‘You could hear a pin drop’: One Denmark fan on a harrowing night at Parken
When the stadium announcer began updating us on Christian Eriksen’s health, you could hear a pin drop. I have never been in such a quiet place and it felt worlds away from the vibrant, electric atmosphere at the outset. Once we knew the news was positive, the ripple of relief was tremendous. Everybody started clapping, cheering, releasing so much emotion in the knowledge he was stable. Half an hour earlier we had feared the very worst; all we could do now was feel profoundly thankful.
Twenty-four hours on, the overwhelming feelings were of emptiness and disbelief. I attended the game with friends and we all feel the same. On Sunday morning I woke up in an empty house, as my family are out of town for the weekend, so I needed to get out and talk with people to discuss what we had seen while finding a distraction from it, too. I coach a team of eight-year-olds and, although my son was not playing, I went to watch their game. I chatted with the other parents and went through the events from Parken but it was just good to see kids playing football, being happy and taking such joy from the game. Sunday, of all days, that felt really important.
Everything feels even stranger in context of the game’s buildup. The scene was boiling with optimism and happiness before kick-off: everyone had been waiting months for this and, besides, it was the first day of the pandemic in which people could really go out in the same way as before. The happiness was spread everywhere.
Our group of about 20 attend all of the national-team games: it is a ritual. On Saturday we took our places in the corner that, as it sadly turned out, was right in front of where Christian collapsed. As soon as he fell to the ground you knew, logically, that this was really bad: he was lying with no movement and he had not tried to break the fall. But in moments like that you do not want to believe what your brain is saying. Everyone was in shock and looking around at everyone else, asking: “What’s going on?” to see if they had seen the same thing as you.
The picture quickly became more intense. People began performing CPR on him and, at that point, you are in no doubt that the situation is grave. Around us, fans started to cry and put hands in front of their mouths. The medics carried on and on, for what seemed like an eternity. I have to be honest: at that stage I thought it was over. We thought it had taken so long that he could not survive.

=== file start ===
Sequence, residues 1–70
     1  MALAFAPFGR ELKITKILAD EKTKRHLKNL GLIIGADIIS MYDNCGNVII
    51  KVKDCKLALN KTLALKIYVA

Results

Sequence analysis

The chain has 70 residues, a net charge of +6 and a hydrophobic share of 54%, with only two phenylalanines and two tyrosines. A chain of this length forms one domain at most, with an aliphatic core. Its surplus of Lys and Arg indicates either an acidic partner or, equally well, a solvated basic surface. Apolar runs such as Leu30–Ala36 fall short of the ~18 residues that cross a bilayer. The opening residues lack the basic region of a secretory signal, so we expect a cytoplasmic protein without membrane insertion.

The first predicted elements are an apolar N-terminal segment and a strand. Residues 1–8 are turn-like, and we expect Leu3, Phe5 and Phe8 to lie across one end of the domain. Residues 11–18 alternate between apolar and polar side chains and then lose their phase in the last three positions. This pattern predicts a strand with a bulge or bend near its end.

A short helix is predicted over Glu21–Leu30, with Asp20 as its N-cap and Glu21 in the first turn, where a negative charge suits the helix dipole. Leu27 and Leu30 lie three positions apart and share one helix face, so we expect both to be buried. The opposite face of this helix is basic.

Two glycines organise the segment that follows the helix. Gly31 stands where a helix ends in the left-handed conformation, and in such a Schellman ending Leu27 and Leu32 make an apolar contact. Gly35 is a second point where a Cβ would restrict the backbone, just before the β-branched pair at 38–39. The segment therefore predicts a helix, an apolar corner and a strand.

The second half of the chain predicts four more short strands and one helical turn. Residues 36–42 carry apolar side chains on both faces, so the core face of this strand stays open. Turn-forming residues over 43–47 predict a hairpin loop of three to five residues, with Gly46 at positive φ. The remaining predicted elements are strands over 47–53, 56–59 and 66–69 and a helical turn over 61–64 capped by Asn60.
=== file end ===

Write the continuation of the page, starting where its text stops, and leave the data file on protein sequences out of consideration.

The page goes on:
The minutes that followed were agonising. Eventually an ambulance arrived on the pitch and we could see Christian being taken inside. It stopped for a while before driving away and I thought that wait could mean one of two things: that nothing more could be done, or that maybe he was stable to some extent.
Shortly after that there was a change in the stand around us. People had glimpsed images that suggested he had responded when he was being carried away. Rumours started spreading but nobody really knew: all we could do was wait for that announcement and pray everything was OK.
A few people had left the stadium while this was going on but most stayed: we all needed to know what would happen. We did not believe anyone would be able to play football afterwards, despite the better information that was coming out. Watching the remainder was like an out-of-body experience: there was little passion from the stands, just some clapping, and certainly no rebuke when Finland scored or Pierre-Emile Højbjerg had a penalty saved. What we had been through, and were still processing together, made that feel insignificant.
I feel proud of Denmark’s players for the way they reacted, working to save their friend and forming a protective circle around him, and then for their strength in seeing the rest of the day through. The Finland players and their fans should also be praised. The moment when both sets of supporters began a routine, chanting Christian’s name, was truly beautiful: it showed that, even though there is rivalry between teams and countries, sometimes we can get together and make something that is much bigger than football.
Now we wait for more news of Christian, and hope for the best possible recovery. I hardly need to tell you how much he means to us. Christian is a remarkable person, a monumental figure, who has been the face of our national team for so many years. He is a family man and easy to relate to despite his status. When this happens to someone like him it feels personal, and where it gets even harder is the realisation that if such a serious, dedicated sportsman can suffer something like this then anyone can. Since Saturday it has been impossible not to reflect on the fragility of life.
Denmark have two home games left but I feel little appetite to return to the stadium just now. Maybe that will pick up over the next few days and perhaps we still can find a way to take something positive out of Euro 2020. Even if we do, nothing will be more important than the fact Christian is alive.